If Hewlett-Packard Co.’s bid to acquire Compaq Computer Corp. overcomes shareholder disapproval and regulatory hoops, new Compaq CFO Jeff Clarke, 39, looks sure to have a job, even though HP finance chief Bob Wayman has been named CFO of the combined company.
Clarke will co-lead the merger integration team with Webb McKinney, president of HP’s business consumer division. Experts say this position is increasingly used to keep the No. 2 CFO on board until a larger role can be found. The deal is expected to close by June 2002.
“It’s kind of the consolation prize, but it’s a very important position,” says Rucker McCarty, head of The CFO Practice at Heidrick & Struggles. “This type of role usually means they’re hoping to find the right place for him after the deal is done.”
Past merger history shows otherwise. Former Monsanto CFO Gary Crittenden, for example, led the integration effort with Pharmacia Upjohn, but left for American Express Co. just six weeks after the deal closed. Former Time Inc. CFO Richard Bressler was on the AOL merger team, but left for the CFO spot at Viacom Inc. after working only briefly for AOL finance chief J. Michael Kelly. Meanwhile, Texaco Inc. CFO Patrick Lynch, 63, is co-leading the integration effort with his Chevron counterpart, but plans to retire once the deal closes and Chevron CFO John Watson takes the top spot.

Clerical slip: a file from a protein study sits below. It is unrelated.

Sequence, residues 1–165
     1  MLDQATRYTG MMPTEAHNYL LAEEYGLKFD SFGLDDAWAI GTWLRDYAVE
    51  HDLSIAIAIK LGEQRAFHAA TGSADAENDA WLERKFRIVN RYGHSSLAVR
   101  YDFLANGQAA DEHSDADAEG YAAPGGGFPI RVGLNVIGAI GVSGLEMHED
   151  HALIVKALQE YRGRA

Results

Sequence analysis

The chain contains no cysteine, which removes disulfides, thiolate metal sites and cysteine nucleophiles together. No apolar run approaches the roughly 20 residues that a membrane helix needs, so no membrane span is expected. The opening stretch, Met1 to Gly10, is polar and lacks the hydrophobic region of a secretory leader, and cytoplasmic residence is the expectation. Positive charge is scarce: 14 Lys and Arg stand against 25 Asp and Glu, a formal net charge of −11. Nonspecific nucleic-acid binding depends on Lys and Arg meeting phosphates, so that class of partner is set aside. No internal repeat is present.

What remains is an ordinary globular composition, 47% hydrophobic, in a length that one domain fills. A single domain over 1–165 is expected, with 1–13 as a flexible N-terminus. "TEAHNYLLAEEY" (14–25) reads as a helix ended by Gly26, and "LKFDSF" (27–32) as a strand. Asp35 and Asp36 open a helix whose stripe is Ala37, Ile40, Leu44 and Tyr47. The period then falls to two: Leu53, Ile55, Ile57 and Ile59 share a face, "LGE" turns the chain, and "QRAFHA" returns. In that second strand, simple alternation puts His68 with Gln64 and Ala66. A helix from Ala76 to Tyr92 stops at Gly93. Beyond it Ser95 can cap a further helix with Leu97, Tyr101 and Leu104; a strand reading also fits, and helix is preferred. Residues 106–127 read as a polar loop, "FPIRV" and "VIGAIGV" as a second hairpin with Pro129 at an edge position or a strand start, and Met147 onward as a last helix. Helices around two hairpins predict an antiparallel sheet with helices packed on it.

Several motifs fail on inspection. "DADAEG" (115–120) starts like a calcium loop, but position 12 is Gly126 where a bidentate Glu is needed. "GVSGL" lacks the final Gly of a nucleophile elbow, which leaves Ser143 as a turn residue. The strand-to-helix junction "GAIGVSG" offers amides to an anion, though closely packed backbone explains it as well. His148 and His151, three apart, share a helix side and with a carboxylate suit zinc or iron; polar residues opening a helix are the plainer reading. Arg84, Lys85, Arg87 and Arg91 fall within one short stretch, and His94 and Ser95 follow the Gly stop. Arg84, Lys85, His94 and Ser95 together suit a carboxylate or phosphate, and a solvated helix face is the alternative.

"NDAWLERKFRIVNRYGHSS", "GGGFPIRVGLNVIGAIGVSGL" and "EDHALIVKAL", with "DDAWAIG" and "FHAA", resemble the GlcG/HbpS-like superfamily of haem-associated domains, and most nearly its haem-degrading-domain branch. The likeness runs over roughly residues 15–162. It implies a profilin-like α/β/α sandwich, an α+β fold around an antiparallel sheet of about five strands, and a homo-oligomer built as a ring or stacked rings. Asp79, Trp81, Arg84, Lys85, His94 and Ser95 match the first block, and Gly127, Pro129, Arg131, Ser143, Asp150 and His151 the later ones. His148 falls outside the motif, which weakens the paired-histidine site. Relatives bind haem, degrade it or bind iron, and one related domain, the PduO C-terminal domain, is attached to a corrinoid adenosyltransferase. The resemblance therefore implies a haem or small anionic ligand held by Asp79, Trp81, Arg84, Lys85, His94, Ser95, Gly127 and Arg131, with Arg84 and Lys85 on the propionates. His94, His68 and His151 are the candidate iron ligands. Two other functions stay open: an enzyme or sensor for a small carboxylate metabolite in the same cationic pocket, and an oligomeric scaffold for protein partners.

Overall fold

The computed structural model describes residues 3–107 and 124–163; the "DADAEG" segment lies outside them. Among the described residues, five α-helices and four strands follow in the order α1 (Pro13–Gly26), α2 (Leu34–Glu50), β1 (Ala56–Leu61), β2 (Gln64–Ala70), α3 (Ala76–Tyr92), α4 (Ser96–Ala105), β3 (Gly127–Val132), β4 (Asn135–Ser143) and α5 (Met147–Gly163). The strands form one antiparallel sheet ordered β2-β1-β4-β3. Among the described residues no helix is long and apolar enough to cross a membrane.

Clarke may also have a chance at the top spot. Says Megan Graham-Hackett, an equity analyst at Standard & Poor’s: “If I heard a year from now that Bob Wayman was retiring, I wouldn’t be surprised at all.”